What's New in Mathematica 9

Mathematica is a highly sophisticated development environment, providing the ability to use the flexible and multiparadigm Mathematica programming language in a student-, teacher-, and programmer-friendly manner. Mathematica provides access to tools and curated knowledge from a wide range of computational, mathematical, and scientific disciplines, all of which can be interacted with simply and efficiently via highly automated visualisations.

The webinar will focus on the following areas:

  • Using Mathematica
    • Wolfram|Alpha provides the ability to use Mathematica without any programming knowledge, solving problems and obtaining data through free-form linguistic input.
    • The new, next-computation predictive interface opens up Mathematica's capabilities to new and existing Mathematica users
    • Systemwide physical unit support makes working with real problems easy, allowing units to be provided directly within computations—for instance, calculating volumes with units directly with Integrate.
    • In addition to the ability to document as you compute and easily create interactive elements, these can be shared with non-Mathematica users via the free Wolfram CDF Player.
  • Data Manipulation and Statistics
    • Mathematica supports a wealth of file formats for import and export, both from files and live data sources—including Wolfram|Alpha. Mathematica 9 also provides the ability to work synchronously and asynchronously with web-based API.
    • There are over 100 statistical distributions built in to Mathematica, in addition to the ability to define empirical (data-based) and mixture distributions.
    • All distributions in Mathematica are fully symbolic, allowing random variates to be generated from any distribution and allowing simulations and bootstrapping to be performed in a highly flexible manner.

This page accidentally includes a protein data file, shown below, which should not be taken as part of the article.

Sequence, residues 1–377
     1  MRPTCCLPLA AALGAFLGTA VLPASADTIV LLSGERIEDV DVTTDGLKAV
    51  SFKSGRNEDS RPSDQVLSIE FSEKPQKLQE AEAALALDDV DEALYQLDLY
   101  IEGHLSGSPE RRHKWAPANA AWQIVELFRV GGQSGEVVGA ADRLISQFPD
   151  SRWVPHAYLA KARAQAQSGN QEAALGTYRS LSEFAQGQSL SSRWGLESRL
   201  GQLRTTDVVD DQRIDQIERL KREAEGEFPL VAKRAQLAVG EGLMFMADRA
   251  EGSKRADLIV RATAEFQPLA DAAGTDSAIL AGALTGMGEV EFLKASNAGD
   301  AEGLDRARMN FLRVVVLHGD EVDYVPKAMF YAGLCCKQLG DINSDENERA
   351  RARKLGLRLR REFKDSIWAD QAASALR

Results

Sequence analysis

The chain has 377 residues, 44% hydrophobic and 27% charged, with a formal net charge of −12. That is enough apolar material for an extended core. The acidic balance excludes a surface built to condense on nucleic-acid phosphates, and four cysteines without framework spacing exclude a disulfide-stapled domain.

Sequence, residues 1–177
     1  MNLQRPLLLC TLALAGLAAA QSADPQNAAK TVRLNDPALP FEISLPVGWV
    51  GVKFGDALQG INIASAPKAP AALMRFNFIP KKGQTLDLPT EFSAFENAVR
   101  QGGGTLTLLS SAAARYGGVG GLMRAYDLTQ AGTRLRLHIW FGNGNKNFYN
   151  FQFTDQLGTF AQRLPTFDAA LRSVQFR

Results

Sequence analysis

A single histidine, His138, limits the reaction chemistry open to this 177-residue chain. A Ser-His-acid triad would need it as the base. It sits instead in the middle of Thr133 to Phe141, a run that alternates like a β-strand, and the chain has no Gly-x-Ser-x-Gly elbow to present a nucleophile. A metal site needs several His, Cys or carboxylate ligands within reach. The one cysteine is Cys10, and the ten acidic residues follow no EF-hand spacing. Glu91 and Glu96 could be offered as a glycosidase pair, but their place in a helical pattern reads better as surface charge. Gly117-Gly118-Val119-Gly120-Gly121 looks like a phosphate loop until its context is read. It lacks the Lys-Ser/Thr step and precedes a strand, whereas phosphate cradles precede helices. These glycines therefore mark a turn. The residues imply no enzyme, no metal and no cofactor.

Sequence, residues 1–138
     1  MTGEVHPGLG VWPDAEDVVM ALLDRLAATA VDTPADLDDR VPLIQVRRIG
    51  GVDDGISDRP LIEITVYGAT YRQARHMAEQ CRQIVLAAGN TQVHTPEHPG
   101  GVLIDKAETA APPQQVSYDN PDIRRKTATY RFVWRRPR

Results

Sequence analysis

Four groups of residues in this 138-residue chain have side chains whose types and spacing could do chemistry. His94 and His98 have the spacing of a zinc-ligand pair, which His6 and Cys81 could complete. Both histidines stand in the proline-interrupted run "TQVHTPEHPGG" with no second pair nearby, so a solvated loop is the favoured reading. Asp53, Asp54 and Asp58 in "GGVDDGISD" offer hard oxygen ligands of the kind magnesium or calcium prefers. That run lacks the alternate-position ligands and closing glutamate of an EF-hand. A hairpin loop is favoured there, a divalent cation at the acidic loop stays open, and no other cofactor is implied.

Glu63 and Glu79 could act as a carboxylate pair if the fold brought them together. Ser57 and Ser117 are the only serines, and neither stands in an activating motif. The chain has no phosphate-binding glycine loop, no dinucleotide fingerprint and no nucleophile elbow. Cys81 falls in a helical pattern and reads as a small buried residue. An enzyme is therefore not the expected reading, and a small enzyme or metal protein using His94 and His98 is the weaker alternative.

• New in 9 RLink allows the open source R libraries to be implemented directly within your Mathematica workflow.
  • Simulations and Processes
    • Mathematica 9 introduced the ability to flexibly generate pseudorandom functions from a wide range of processes symbolically.
    • Processes allow Monte Carlo and stochastic simulations to be implemented in just two line of code, with the results available to all of Mathematica's statistical functions for analysis.
  • Interdisciplinary Capabilities
    • Mathematica provides access to a wide range of flexible image and signal processing functions, from EdgeDetect and DiscreteWaveletTransform to FindFaces and ImageFeatureTrack.
    • Graph and Markov processes are a growing area of development in Mathematica, with the ability to symbolically transform between the two regimes. Mathematica 9 also allows data to be imported directly from five of the biggest social networks.


Martin Hadley is a member of the Technical Communications and Strategy Group and works in the Oxfordshire office of Wolfram Research Europe Ltd. He's responsible for the delivery of technical presentations and a range of training events and courses. Martin earned his MPhys and BSc degrees in physics at the University of Leeds, United Kingdom.